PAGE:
Founded in 1979, NAMEPA is a national network of educators and representatives from industry, government, and nonprofit organizations who share a common commitment to improving the recruitment and retention of African Americans, Hispanics, and American Indians earning degrees in engineering. As a recognized authority in minority engineering education, NAMEPA promotes the professional development of its members and serves as an advocate for and resource to those programs and organizations that seek to recruit, educate, and employ diverse engineering talent.
NAMEPA makes a difference by …
Regional organizations are an extension of the national association. All members are eligible to receive the benefits of regional membership. NAMEPA is divided into five geographical regions designated A, B, C, D and E. Each Region has its own Board and bylaws, and assigns three members to act on its behalf on the National Board of Directors. The following outline shows the regional structure of NAMEPA:
About REGION A
The NAMEPA, Inc. Region A Program consists of professionals from post secondary institutions, pre-college programs, corporations, and government agencies in the District of Columbia and 11 states in the northeastern United States.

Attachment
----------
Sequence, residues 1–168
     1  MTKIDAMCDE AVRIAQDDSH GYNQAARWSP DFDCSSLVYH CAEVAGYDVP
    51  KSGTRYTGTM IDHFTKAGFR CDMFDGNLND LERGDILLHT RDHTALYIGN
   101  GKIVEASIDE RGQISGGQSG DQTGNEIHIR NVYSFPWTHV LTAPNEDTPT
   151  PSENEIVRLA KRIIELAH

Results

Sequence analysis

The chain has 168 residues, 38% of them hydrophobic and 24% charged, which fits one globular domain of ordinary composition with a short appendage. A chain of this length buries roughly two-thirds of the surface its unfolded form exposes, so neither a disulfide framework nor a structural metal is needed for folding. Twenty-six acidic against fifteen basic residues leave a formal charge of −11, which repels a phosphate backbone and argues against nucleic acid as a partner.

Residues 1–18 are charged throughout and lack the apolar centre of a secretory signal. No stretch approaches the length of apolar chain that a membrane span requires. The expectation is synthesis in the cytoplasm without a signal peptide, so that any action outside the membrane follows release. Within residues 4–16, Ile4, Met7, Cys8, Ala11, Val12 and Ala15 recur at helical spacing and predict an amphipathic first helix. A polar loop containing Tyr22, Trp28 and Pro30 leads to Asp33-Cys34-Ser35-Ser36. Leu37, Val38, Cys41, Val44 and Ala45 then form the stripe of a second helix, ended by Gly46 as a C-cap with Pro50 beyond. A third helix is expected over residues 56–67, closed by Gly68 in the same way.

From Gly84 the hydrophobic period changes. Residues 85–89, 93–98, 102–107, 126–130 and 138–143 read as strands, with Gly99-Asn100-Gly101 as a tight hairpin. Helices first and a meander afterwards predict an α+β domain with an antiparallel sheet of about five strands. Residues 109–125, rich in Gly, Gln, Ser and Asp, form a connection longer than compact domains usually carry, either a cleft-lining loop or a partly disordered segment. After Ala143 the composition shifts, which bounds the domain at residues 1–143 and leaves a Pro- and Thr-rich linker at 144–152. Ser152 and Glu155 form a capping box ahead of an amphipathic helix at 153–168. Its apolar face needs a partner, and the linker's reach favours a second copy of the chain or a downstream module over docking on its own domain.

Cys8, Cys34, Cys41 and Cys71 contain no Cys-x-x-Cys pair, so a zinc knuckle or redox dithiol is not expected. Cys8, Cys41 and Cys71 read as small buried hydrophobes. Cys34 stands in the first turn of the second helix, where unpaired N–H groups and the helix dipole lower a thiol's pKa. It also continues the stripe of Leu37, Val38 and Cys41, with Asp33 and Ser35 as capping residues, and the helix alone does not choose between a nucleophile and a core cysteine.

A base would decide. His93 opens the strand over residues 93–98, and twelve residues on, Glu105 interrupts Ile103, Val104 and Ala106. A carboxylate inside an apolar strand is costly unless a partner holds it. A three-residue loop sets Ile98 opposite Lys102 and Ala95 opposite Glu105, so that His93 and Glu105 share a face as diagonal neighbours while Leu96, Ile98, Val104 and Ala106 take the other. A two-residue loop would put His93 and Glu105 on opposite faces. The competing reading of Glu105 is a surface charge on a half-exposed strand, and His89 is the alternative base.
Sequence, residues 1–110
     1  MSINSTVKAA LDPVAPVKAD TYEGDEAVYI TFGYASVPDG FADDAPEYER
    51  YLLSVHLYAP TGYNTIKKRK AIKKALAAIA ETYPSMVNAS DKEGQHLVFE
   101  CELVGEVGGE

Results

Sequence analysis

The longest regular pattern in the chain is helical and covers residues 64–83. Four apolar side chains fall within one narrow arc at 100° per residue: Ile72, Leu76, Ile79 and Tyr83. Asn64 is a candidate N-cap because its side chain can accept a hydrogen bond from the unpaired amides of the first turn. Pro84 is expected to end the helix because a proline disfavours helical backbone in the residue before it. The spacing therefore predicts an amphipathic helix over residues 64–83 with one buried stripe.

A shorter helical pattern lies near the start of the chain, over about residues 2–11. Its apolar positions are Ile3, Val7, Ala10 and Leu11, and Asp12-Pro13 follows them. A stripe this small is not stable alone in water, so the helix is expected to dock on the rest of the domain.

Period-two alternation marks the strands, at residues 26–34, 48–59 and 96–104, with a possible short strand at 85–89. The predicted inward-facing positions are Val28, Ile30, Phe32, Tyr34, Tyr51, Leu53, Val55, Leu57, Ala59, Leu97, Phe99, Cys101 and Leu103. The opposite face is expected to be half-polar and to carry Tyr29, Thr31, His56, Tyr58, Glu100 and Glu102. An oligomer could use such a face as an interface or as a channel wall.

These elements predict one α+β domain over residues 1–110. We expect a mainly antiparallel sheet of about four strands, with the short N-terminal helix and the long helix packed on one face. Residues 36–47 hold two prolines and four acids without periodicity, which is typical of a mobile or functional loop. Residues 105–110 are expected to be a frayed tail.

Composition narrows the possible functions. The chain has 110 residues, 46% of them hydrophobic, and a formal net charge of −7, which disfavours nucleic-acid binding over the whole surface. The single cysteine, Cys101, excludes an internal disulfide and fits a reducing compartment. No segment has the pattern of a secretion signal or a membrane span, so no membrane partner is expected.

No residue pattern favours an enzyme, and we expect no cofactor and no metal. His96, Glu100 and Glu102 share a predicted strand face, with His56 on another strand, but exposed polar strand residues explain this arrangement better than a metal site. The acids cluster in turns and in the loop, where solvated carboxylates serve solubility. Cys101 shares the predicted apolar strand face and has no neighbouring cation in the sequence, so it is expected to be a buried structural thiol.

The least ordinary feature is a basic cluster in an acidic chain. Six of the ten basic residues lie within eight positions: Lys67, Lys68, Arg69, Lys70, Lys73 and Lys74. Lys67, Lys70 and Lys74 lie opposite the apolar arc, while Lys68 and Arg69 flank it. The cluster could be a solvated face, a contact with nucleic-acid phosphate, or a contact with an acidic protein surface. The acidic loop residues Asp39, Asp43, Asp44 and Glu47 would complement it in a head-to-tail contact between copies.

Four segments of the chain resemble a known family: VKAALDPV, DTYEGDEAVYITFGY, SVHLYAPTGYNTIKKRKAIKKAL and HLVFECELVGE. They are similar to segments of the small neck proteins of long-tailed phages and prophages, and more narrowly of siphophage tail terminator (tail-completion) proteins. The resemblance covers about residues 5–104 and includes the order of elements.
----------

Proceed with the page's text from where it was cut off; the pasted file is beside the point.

Region A is committed to ensuring that its under represented minority students are made aware of opportunities to learn about and pursue careers in engineering. NAMEPA Region A members share information and work together and with members of other regions and other organizations to ensure that its students are placed in supportive environments in which they have the best opportunities to reach their full potential.
In 1979, a group of Minority Engineering Program Administrators met in Atlanta to discuss the formation of an association that would focus on the issues affecting the recruitment, retention, and graduation of minority students seeking degrees in engineering. A Steering Committee, chaired by Dr. William Gamble, then of Michigan State University, met in Berkeley, California in January of 1980, to create an organizational structure, goals, objectives, a constitution, and bylaws for the new association, as well as to select a name. In January of 1981, the proposals of the Steering Committee were ratified and the group officially became known as the National Association of Minority Engineering Program Administrators.
Region A Contact